Three Key Steps to Financial Awareness

Posted by: Joseph Kuo | February 22, 2021

Piggy bank
Financial well-being takes both practical knowledge and emotional awareness.  

For many of us, managing our finances and building economic security is a nagging concern. We generally know that we should be putting in more effort towards managing our money matters. But more often than not, very little actually changes. What keeps us from achieving the financial life we desire? What are some simple things we can do to get started?

Reflect on Your Money History, Beliefs, and Patterns

One of the main obstacles to financial freedom is listening to the wrong money messages. Our current attitudes and beliefs about money often have their roots in our past formative life experiences.

A fundamental component of financial emotional awareness is introspection. Introspection is the ability to be honest regarding past experiences that have shaped your current relationship with money, and to use that knowledge to clarify your financial goals and manage your financial risk tolerance.

We can start by looking for clues in your past that will help you to understand your current financial life. Starting with your childhood, what experiences shaped your underlying beliefs and attitudes about money? What do your patterns of earning, saving, investing, and giving tell about you?

A review like this will give you tremendous insight into the money messages that consciously and unconsciously influence how you currently deal with money issues on a day-to-day basis. The point of these revelations is not to place blame, but rather to help you recognize some potential obstacles to your financial well-being. Remember, recognition is the first step to change.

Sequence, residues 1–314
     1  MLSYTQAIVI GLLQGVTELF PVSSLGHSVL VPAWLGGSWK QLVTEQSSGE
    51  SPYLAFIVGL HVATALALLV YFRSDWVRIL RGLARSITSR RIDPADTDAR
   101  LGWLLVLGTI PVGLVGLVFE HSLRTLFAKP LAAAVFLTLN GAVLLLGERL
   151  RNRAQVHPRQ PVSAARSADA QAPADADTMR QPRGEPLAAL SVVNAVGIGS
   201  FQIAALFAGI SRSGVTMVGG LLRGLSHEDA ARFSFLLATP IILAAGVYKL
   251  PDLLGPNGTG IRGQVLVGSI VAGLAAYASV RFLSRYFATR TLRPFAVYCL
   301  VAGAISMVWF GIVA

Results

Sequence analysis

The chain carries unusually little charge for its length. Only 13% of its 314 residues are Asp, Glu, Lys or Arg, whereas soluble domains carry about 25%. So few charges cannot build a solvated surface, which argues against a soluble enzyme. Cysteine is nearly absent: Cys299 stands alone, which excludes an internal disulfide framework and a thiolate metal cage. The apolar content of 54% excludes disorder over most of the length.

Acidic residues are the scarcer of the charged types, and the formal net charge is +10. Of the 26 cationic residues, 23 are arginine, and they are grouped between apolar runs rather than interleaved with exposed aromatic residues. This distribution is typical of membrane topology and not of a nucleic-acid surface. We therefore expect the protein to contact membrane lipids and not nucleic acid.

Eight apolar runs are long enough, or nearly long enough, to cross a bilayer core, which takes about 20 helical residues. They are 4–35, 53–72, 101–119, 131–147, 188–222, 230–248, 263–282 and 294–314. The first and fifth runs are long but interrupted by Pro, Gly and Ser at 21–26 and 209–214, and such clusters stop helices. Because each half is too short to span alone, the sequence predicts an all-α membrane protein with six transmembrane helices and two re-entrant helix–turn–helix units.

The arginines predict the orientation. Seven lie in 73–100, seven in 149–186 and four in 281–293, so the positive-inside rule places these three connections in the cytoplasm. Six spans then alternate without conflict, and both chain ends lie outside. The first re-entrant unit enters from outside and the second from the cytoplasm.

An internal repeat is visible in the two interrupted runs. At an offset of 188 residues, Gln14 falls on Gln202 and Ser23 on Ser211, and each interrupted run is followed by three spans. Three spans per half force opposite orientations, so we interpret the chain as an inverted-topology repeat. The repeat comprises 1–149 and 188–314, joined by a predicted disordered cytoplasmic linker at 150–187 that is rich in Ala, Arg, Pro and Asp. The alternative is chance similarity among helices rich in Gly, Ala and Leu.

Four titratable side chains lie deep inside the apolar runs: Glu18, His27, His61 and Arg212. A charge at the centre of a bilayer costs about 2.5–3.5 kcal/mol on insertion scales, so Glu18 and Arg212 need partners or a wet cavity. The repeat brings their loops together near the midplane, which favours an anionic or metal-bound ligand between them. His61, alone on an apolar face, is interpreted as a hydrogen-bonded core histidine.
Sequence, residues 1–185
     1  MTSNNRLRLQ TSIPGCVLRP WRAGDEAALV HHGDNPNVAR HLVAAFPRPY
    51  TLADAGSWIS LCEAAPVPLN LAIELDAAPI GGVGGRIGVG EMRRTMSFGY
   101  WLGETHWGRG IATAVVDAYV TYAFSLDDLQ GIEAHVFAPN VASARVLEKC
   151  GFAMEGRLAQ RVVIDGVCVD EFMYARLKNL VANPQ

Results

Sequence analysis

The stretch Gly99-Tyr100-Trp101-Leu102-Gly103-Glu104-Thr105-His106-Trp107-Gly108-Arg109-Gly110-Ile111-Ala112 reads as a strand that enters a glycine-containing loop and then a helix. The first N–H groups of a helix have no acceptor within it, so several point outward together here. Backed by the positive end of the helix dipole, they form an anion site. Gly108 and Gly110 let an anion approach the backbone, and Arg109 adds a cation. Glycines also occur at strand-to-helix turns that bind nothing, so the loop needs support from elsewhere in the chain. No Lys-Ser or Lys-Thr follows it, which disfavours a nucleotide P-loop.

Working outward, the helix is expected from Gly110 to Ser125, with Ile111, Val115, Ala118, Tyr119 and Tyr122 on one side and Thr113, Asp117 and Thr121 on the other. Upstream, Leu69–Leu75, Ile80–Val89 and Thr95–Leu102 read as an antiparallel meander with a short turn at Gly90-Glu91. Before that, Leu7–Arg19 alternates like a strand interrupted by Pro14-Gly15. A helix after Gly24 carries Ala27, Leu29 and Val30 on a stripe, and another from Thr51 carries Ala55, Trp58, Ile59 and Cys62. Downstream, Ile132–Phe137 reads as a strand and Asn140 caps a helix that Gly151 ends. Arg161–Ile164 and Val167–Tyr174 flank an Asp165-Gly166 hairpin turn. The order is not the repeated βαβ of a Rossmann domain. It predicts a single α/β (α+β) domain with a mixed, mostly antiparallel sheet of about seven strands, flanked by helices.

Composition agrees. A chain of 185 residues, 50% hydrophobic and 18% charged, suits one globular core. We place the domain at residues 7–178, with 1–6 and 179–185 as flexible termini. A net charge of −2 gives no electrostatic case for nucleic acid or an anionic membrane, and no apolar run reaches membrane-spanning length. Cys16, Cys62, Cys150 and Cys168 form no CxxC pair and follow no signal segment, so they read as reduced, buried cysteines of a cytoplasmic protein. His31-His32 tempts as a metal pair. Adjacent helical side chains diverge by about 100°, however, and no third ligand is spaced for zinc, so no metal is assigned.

Clarify Your Financial Goals and Priorities

Goals are targets—something to aim for. They give life direction. Setting goals is an activity that is essential to maximizing your potential and provides many other benefits as well. Setting goals can:

  • Provide a positive expectancy of the future.
  • Stimulate your personal growth and development.
  • Help you to “keep your eye on the prize” and give you the needed motivation to bounce back from setbacks and disappointments.
  • Facilitate “future thinking”, a way of looking ahead to anticipate future needs and wants.
  • Give you a framework for making decisions.
  • Help you take control of your life by carrying out your own agenda, and not one that someone else has set for you.

But most importantly, keep in mind that goal setting is an effective way of picturing what you want to achieve and what you want your life to be like. When you have that picture firmly in your mind, then you can start making meaningful progress towards that goal.

Assess Your Risk Tolerance 

Risk is defined as the chance of experiencing loss. In regard to financial decision making, we all mentally calculate the risks and rewards we are likely to experience. Some of us focus more on the potential losses (risks) and some of us focus more on the potential gains (rewards).

When you make a financial decision, do you intentionally weigh the potential risks versus rewards? Is weighing that balance more of a rational or emotional process for you? In other words, do you tend to rely more on facts or on feelings?

With respect to investing, when someone asks you about your risk tolerance, they are really asking you about your emotional response to the possibility of loss and the possibility of gain. At one extreme are those individuals who are averse to risk. They focus their thinking on the “worst case loss” part of the equation. For them, risk causes anxiety and thus is to be avoided. Such investors want to stick with the known and predictable. They value financial stability above all else, and are willing to sacrifice higher returns to achieve that stability.